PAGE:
Pfizer says first studies on possible coronavirus treatment show promise


NEW YORK, Apr 9 (Reuters) – US pharmacist Pfizer said Thursday that early data has helped it identify a drug with the potential to help treat patients infected with the new coronavirus.

The company also said it plans to expand studies to determine whether Pfizer’s existing medications, including its rheumatoid arthritis drug Xeljanz, may provide benefits for those infected with COVID-19, the respiratory disease caused by the coronavirus.

More than a dozen major drug makers, including Pfizer, have announced plans in recent months to develop coronavirus vaccines and treatments, though few, if any, are likely to reach patients in time to stop the current pandemic. Pfizer Inc. first revealed plans to develop an antiviral compound for COVID-19 in March, and later said it was working with BioNTech SE on an experimental vaccine based on messenger RNA technology. “Pfizer has mobilized resources and capabilities to address each of the borders of the COVID-19 pandemic,” Pfizer research chief Mikael Dolsten told Reuters in an interview. Preclinical study data shows that a compound that was originally developed to treat SARS – a distinct coronavirus causing a major epidemic in 2003 – has the potential to treat patients for the new coronavirus, Dolsten said. Pfizer said it will conduct additional preclinical studies and aims to begin human testing in the third quarter of 2020. Other treatments for COVID-19 compounds for rheumatoid arthritis are also being studied as possible treatments by other rheumatoid arthritis manufacturers. different than Xeljanz.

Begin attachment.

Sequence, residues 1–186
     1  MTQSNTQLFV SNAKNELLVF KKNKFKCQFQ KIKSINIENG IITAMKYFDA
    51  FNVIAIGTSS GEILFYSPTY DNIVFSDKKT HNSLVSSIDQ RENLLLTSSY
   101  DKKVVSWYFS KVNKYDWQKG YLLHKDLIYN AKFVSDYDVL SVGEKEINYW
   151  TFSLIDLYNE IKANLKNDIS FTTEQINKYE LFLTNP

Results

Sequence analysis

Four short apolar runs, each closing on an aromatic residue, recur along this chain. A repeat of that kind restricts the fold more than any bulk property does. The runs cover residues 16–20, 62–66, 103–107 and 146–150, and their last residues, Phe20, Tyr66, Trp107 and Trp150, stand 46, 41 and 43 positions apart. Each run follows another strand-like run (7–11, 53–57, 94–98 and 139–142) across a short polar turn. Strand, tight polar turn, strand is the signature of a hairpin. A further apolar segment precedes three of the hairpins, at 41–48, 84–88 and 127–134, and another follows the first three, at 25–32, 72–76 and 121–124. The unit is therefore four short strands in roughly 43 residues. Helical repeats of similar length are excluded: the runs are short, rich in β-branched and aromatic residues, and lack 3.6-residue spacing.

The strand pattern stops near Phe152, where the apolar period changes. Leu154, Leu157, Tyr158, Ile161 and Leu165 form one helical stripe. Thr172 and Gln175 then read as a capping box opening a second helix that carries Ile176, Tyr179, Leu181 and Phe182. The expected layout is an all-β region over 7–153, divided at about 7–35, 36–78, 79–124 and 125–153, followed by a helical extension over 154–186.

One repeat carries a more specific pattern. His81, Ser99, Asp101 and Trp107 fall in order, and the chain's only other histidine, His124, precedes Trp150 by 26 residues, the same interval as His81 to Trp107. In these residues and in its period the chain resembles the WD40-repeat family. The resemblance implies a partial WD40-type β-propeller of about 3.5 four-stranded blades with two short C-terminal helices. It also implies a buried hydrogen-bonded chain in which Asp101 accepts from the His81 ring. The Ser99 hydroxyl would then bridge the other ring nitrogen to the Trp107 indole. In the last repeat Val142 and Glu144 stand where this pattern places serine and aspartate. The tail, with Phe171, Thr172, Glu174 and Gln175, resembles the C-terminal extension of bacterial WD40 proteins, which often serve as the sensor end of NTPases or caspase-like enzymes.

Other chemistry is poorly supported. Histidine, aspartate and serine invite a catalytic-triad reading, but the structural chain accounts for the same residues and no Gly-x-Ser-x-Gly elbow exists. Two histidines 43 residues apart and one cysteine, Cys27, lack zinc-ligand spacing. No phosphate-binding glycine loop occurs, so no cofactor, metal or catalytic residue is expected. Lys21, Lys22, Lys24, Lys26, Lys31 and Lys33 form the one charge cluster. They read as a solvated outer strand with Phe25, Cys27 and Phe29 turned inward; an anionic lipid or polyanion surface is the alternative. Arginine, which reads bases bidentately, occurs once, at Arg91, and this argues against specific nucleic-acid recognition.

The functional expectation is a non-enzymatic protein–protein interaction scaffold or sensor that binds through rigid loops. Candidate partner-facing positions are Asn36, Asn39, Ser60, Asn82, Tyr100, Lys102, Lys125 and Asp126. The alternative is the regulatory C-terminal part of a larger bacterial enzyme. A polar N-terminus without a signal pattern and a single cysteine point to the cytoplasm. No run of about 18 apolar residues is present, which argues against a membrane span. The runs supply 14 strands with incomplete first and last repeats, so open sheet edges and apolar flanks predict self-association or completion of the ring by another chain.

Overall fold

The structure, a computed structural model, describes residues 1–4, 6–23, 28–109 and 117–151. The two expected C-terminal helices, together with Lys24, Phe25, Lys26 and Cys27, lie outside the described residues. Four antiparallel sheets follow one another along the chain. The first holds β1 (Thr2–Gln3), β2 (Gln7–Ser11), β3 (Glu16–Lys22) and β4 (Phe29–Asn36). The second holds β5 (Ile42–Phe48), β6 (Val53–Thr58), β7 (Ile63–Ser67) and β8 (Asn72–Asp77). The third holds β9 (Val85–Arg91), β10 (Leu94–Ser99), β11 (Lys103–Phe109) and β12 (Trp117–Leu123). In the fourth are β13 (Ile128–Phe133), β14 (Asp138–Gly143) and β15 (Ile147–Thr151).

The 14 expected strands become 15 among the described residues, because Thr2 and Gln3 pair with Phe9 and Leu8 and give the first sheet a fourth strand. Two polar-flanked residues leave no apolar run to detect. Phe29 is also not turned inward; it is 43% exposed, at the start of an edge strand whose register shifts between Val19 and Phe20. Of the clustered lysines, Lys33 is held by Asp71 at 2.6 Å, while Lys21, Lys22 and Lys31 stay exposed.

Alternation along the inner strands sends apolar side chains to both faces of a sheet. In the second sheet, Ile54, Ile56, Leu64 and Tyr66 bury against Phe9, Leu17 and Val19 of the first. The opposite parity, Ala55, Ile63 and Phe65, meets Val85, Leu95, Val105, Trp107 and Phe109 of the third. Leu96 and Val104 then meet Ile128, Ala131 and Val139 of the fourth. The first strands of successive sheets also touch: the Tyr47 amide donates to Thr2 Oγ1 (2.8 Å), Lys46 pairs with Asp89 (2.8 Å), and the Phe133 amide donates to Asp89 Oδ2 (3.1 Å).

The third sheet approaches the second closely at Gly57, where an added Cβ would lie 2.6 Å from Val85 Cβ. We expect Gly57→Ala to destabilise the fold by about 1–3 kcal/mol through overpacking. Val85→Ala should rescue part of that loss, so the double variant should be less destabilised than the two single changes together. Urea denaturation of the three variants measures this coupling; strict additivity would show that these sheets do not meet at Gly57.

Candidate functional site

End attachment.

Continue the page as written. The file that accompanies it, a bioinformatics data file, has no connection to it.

(Report by Carl O’Donnell. Edited in Spanish by Marion Giraldo and Andrea Ariet)